2. GIS for Mining Operations

Pipelines, electric lines, roads, ramps, and other mining facilities change frequently. Engineers and operations staff use GIS for facility planning applications. Keeping track of existing infrastructure and integrating it with the mine plan and block models can be achieved with GIS. GIS can also be used to integrate recent survey data with block models or mine design data from other mining software packages such as TECHBASE®, Vulcan, MineSight®, SURPAC2000™, or Mining Visualization System (MVS).

Often, items positioned along linear features, such as a pipeline and boreholes, are referenced by station numbers or measured lengths. A high-end GIS can create special features that can be referenced by this stationing.

Live GPS is becoming commonplace for monitoring and dispatching haul trucks or drills and for providing grade control on shovels. This data can also be tied to a GIS to monitor the location of all equipment in real time.

3. GIS for Mining Management

Most mining information, including financial and asset information, has some sort of spatial component that can be represented in map form. Management and mineral economists are using GIS in their evaluation of corporate and competitor assets.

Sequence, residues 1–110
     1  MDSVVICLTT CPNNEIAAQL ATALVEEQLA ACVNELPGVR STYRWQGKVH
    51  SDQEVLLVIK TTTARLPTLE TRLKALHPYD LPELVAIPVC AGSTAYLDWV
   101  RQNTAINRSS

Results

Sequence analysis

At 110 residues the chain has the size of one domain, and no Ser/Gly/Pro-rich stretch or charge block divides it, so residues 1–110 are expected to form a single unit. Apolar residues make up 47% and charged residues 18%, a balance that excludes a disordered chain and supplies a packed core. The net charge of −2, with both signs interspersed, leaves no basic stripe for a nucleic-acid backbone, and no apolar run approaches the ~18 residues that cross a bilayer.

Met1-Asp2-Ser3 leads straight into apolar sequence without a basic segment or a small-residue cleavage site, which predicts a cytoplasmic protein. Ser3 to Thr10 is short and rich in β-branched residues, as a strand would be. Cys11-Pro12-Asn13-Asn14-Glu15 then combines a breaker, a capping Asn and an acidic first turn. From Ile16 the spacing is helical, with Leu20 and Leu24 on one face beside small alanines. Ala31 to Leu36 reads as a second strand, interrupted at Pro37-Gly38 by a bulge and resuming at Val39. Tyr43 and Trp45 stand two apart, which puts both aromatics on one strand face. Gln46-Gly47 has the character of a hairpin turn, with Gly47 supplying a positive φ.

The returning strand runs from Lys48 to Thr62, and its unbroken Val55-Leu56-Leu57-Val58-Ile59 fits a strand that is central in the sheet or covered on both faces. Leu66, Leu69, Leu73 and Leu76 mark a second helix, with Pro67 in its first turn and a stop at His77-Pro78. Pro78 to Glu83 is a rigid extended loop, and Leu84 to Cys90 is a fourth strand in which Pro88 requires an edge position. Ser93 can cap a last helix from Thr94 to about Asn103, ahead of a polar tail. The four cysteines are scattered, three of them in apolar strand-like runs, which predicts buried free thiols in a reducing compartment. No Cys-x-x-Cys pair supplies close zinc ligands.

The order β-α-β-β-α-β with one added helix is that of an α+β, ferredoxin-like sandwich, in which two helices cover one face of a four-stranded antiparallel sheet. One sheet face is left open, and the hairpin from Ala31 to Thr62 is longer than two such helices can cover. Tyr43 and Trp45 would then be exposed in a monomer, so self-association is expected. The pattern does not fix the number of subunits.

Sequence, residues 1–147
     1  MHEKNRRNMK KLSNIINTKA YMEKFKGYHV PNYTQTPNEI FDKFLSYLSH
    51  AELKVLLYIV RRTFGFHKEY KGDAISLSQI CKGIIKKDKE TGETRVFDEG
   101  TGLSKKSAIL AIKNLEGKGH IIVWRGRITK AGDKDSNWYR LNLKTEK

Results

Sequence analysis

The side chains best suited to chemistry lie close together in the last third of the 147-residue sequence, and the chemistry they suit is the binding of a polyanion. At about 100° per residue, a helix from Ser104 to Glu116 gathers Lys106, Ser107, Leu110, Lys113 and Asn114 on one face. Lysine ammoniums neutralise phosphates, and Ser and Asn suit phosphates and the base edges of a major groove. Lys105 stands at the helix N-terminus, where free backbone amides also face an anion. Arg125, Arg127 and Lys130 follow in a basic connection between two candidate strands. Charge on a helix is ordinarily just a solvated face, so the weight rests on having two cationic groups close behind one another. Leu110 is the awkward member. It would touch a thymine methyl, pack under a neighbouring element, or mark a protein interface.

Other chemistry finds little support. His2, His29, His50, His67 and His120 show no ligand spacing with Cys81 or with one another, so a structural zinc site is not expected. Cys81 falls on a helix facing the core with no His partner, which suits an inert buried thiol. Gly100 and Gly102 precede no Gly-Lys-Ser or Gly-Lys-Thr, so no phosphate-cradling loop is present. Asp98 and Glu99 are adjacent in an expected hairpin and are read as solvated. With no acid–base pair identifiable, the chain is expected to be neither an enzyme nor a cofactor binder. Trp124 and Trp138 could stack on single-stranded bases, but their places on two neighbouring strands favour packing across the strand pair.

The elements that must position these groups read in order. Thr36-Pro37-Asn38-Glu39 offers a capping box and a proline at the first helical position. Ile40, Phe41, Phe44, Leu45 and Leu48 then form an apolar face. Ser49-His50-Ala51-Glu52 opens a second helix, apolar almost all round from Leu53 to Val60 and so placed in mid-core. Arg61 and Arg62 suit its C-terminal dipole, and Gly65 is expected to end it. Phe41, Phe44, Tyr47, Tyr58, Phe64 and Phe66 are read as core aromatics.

ArcGIS software allows direct access to data in the most common corporate spreadsheets and relational databases.

Reserve estimates, annual planned production, or cost per ton statistics can be linked to prospect or mine locations and used to control the map symbols. Regional maps can place the mines or prospects in a regional geologic or political setting. Detailed maps of exploration prospects or active mines can be accessed by a simple point and click on the regional map.

Many companies are taking advantage of the vast amount of data available on the Internet. News clips are harvested daily and served up to management through internal corporate Webs or Intranets. ArcIMS technology is being used to distribute map data over the Web as well.